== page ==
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IPFS News Link • Immigration

Honduran Migrant En Route To America Says That Biden Is "Going To Help All Of Us"

•, by John Hawkins

"What I want for my people, I just want patience and prayers that we can get to the U.S. because they're having a new president whereas Biden, he's going to help all of us. He's given us 100 days to get to the U.S. and give us 'legalment' paper so we can get a better life for our kids and family."

The man is referring to two different Biden policies there. Joe Biden has promised to ignore immigration law and not deport anyone in his first 100 days in office and he has promised to give amnesty to illegal aliens that have been in the country since January 1st. Of course, since we're talking about people who don't care about American laws, have access to fake papers, and whose entry date into the US can't be verified, any illegal who gets here before an amnesty would probably be able to get in it. The chances of an incompetent government employee, who's probably favorably inclined towards illegal aliens anyway catching some fake paperwork is negligible and all the illegals know it and will take advantage of it if they can.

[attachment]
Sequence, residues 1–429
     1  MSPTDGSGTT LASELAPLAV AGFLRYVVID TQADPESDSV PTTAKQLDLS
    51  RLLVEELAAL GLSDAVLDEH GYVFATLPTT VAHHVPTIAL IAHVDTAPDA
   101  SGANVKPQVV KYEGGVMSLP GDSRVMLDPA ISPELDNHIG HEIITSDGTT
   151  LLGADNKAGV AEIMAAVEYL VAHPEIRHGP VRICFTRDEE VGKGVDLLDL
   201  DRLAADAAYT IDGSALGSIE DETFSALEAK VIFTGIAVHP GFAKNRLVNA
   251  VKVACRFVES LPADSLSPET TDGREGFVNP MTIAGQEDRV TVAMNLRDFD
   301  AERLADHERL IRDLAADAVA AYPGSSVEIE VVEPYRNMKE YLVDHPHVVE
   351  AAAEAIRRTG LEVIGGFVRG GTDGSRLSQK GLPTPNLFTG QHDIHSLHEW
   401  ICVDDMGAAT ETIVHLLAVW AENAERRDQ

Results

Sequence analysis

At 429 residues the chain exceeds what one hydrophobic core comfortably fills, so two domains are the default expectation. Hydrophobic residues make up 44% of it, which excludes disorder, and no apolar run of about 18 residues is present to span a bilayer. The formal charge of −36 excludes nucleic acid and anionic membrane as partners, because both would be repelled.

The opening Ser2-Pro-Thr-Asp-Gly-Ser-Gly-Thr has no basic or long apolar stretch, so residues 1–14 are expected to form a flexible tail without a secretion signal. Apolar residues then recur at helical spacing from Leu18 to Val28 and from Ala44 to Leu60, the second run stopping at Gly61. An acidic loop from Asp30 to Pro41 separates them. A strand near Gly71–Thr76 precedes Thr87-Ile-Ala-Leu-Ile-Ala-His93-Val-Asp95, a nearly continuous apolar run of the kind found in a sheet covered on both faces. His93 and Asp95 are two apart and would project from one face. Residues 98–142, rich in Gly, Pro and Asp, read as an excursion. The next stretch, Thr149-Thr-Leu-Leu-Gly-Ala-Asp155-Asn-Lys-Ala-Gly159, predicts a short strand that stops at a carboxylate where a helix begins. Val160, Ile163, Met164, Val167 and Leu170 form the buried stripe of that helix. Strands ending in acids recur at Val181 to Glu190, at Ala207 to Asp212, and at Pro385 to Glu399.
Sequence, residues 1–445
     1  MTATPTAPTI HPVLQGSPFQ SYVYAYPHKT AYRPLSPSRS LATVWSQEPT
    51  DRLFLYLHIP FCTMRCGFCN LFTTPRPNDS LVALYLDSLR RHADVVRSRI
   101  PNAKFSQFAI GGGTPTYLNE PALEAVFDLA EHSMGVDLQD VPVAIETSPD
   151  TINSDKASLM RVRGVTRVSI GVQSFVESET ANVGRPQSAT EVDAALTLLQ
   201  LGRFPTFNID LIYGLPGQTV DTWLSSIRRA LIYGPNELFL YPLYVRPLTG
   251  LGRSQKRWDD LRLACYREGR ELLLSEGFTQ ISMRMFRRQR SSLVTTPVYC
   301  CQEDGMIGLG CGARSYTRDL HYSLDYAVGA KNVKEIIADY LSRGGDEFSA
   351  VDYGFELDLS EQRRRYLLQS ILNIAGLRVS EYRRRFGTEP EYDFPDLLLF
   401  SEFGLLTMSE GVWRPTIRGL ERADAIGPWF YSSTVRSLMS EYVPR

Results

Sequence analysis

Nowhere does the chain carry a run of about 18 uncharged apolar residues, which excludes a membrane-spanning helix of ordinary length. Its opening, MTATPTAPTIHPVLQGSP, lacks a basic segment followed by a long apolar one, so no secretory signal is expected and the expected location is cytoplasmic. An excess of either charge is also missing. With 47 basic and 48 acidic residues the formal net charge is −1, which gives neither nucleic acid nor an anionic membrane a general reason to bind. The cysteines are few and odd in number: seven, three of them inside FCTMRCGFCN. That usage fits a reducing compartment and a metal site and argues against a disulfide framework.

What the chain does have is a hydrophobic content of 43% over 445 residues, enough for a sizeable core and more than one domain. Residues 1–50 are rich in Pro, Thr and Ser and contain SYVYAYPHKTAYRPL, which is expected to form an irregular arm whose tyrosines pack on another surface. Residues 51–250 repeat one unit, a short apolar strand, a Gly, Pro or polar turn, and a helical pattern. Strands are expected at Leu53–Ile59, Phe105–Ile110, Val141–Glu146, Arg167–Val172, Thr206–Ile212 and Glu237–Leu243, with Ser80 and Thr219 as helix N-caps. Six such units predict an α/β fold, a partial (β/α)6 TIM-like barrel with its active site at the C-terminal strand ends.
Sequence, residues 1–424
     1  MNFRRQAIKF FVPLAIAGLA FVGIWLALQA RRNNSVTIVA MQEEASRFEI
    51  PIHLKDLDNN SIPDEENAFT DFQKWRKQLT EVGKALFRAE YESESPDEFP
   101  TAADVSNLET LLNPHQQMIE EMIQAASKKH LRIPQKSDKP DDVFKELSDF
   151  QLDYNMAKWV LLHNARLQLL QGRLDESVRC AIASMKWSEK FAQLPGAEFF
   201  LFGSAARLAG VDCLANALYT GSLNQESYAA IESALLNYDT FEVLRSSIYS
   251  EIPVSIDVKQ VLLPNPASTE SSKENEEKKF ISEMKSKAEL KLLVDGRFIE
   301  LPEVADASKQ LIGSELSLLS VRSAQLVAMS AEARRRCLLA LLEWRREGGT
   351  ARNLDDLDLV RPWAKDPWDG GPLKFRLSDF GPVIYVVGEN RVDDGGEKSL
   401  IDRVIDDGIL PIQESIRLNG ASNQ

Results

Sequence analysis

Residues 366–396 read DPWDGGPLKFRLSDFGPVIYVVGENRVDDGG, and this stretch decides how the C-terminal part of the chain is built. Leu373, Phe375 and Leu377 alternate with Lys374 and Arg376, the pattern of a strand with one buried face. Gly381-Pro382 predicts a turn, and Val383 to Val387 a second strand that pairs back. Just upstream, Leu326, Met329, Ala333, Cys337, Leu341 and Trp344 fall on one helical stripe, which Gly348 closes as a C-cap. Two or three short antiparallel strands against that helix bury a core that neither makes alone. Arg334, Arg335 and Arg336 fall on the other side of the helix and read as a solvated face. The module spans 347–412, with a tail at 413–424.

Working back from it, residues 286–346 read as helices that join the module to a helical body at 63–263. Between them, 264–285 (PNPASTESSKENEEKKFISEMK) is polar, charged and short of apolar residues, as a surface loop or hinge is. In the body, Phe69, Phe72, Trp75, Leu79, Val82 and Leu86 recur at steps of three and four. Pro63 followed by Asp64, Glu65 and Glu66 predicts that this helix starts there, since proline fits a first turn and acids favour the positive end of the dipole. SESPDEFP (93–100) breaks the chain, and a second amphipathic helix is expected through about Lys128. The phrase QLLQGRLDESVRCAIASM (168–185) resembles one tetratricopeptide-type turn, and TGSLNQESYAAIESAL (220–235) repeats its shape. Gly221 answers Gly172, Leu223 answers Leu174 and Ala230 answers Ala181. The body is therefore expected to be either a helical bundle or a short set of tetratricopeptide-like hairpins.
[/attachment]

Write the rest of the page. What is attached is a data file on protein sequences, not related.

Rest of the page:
As Matt Palumbo noted in an article discussing the 1986 amnesty, "beginning in 1993, those illegals turned 'lawful residents' could begin applying for citizenship. The Clinton administration launched 'Citizenship USA' in 1995 to speed up the processing of applications for legal status for illegals, and a 2000 review by the Inspector General of the Department of Justice found the program "rife with fraud." One sample of 7,000 applicants found evidence of fraud in 462, or 6.6% of applications. To quote the report; 'evidence of fraud was not adequately explored and, in some instances, was completely disregarded.' The Immigration and Naturalization Service (INS) also failed to provide background checks for nearly a fifth of immigrants and didn't enforce the English-language requirement for citizenship. Interviews to determine whether illegals had good moral character lasted about five minutes per applicant."